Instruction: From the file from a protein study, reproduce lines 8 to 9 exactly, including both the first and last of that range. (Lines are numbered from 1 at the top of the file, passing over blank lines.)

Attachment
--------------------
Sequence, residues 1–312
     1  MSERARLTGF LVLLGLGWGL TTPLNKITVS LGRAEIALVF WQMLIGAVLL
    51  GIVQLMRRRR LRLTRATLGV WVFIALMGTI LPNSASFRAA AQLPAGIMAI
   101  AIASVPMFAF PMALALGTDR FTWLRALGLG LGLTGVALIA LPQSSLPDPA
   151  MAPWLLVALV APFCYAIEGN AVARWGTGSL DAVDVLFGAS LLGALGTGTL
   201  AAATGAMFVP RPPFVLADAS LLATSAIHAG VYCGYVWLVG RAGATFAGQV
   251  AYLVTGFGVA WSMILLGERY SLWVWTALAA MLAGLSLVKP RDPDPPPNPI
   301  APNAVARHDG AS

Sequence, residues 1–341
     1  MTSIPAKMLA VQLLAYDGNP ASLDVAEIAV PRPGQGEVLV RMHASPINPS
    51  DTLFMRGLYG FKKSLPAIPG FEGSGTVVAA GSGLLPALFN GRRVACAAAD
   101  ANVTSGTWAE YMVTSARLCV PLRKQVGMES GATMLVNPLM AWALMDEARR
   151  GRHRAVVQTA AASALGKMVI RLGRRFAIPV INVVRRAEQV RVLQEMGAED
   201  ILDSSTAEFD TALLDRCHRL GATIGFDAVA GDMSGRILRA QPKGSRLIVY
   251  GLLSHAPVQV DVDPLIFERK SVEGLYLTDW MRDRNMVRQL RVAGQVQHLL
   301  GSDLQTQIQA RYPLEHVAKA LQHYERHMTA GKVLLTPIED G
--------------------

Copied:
   301  APNAVARHDG AS

Sequence, residues 1–341